Hillary, pelted with tomatoes in Egypt, now in Israel
Jerusalem: US Secretary of State Hillary Clinton, who arrived in Israel late Sunday, will discuss Egypt, Iran, and Middle East peace process with Israeli officials on Monday.
On her first trip to Israel in 22 months, Hillary will meet Israeli Prime Minister Benjamin Netanyahu and the country's President, foreign minister and defense minister.
She will also sit down with Palestinian Prime Minister Salam Fayyad as well, before returning to Washington early Tuesday. The meetings in Jerusalem culminate a 12-day, nine-country trip that included stops in Europe and Asia.
The US secretary of state flew to Israel from Egypt, where she held talks with newly-elected President Mohammed Mursi and Field Marshall Hussein Tantawi, the head of the military council that took over when Hosni Mubarak was ousted.
Hillary’s visit to Egypt underscored the difficulty Washington faces in trying to wield its influence amid the country's stormy post-Hosni Mubarak power struggles. Protesters chanting against the US — sometimes reaching several hundred — sprung up at several sites Hillary visited this weekend. On Sunday, tomatoes and shoes were thrown at Hillary's motorcade by Egyptian protesters who shouted, "Monica, Monica, Monica" as she left the newly-reopened American Consulate in Alexandria.
The protesters threw the tomatoes, shoes and a water bottle as the staff walked to their vans after the ceremony and riot police had to hold back the crowd. A tomato hit an Egyptian official in the face.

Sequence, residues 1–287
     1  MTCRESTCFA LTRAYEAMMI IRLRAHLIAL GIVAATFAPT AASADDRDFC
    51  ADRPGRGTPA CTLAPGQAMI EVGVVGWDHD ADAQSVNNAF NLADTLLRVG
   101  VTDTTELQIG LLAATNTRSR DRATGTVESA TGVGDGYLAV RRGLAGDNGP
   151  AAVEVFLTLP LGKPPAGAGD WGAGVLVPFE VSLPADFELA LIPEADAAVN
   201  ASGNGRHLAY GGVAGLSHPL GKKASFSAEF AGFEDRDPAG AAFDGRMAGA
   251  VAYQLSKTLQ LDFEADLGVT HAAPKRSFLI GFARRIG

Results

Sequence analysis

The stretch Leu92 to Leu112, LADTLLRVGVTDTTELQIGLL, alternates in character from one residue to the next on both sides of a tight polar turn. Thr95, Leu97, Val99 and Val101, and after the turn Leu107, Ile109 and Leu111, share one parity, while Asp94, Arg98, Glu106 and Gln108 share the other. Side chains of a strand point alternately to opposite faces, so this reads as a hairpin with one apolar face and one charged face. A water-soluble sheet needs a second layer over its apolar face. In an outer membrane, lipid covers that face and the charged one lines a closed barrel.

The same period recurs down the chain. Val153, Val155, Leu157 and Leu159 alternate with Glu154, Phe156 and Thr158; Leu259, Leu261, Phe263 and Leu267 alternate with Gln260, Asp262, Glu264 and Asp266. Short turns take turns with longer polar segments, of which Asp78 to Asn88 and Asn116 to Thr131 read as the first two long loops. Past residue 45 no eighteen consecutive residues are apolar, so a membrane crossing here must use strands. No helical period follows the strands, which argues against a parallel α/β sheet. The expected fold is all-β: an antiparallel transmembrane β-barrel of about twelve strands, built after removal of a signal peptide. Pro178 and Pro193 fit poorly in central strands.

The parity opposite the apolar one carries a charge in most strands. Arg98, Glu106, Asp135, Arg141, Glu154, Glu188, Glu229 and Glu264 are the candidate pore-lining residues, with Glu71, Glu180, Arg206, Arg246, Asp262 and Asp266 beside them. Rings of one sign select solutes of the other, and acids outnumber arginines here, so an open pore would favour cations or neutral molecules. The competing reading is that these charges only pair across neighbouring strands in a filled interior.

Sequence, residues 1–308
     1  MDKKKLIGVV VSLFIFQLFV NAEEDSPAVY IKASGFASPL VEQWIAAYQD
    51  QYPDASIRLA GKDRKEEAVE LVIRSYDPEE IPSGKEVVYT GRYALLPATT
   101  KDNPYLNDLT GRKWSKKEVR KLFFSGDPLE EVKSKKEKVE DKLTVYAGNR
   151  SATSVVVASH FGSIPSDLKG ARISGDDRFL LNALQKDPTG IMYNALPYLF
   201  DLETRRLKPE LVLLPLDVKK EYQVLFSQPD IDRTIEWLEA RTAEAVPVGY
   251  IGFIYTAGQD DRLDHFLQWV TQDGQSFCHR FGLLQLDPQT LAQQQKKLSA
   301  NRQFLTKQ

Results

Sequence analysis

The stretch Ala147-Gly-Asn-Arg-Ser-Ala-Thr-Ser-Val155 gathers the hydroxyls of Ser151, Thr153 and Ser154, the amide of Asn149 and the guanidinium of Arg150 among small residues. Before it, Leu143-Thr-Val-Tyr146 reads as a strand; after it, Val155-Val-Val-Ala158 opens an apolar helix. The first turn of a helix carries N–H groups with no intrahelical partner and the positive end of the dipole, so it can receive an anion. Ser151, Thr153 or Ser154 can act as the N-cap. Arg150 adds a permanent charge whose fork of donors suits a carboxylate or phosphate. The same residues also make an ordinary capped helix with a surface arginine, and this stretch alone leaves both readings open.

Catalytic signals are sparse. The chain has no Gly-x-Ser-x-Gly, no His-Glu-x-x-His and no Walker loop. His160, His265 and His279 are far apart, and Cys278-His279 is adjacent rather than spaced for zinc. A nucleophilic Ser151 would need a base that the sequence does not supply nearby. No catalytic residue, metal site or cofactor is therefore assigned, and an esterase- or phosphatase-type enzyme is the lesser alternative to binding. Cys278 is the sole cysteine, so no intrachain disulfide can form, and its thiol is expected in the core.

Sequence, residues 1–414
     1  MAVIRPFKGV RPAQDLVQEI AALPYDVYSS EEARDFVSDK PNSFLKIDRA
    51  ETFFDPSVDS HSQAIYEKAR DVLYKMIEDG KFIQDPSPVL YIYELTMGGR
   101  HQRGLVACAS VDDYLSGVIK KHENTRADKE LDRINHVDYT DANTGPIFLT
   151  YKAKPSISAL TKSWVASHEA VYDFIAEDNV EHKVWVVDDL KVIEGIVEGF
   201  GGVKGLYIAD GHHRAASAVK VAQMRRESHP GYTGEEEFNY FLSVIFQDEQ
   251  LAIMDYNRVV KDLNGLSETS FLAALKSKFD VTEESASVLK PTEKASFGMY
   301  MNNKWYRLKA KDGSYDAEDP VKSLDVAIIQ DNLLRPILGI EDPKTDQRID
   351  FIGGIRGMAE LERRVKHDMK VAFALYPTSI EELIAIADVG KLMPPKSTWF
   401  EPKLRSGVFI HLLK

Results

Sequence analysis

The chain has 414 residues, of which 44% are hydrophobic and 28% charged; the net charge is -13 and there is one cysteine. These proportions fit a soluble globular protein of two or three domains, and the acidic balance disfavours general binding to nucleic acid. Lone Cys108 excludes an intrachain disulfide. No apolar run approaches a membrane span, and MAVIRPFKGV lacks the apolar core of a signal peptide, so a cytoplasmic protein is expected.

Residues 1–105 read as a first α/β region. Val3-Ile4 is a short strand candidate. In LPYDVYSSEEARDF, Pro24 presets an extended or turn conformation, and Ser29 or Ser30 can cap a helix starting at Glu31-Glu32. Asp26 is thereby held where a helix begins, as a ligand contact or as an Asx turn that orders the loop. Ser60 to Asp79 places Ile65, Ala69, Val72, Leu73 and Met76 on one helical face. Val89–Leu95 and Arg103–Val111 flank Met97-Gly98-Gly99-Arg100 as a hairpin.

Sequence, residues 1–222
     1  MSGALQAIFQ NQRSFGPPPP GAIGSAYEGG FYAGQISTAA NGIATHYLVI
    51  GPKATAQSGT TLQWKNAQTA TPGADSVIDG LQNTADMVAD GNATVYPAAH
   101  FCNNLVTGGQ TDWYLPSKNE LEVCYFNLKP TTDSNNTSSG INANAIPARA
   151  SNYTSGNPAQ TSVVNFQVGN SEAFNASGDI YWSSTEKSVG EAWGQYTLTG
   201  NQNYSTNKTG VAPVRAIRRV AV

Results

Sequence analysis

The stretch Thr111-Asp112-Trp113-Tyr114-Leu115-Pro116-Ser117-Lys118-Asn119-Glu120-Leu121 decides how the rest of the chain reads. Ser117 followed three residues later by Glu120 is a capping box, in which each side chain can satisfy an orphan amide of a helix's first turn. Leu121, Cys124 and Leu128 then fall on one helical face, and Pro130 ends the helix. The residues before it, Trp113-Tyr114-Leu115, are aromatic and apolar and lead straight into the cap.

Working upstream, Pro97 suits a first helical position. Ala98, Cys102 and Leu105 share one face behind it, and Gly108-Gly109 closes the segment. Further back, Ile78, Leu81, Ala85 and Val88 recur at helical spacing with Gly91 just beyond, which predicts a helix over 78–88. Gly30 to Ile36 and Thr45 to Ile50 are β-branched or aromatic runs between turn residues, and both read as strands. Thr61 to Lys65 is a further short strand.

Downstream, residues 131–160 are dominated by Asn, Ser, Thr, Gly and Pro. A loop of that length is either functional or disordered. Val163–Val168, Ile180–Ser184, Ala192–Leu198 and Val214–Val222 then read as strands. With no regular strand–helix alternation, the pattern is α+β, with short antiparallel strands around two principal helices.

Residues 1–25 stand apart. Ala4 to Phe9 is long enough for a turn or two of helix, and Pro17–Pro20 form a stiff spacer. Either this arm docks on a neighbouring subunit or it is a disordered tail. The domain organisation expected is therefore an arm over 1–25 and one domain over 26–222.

Hillary's van was around the corner from the protesters, and a senior State Department official said her car was not hit, CNN reported.
The chants of "Monica" refer to Monica Lewinsky, the White House intern who had an affair with Hillary's husband, former president Bill Clinton.
In the meantime, the Israeli government has quietly agreed to grant subsidies to build more than 500 new homes in the West Bank, backtracking from a promise earlier this year to deny these incentives to the settlements, a news agency has learned.
The planned construction, at a time when Prime Minister Benjamin Netanyahu is trying to shore up support among settlers, has enraged the Palestinians and could cloud a visit starting by Hillary as she tries to re-energise moribund Mideast peace efforts.
The housing units are benefiting from the government's designation of the settlements as "national priority" areas — a status normally reserved for low-income cities and towns where the government wants to encourage development and lure people to live.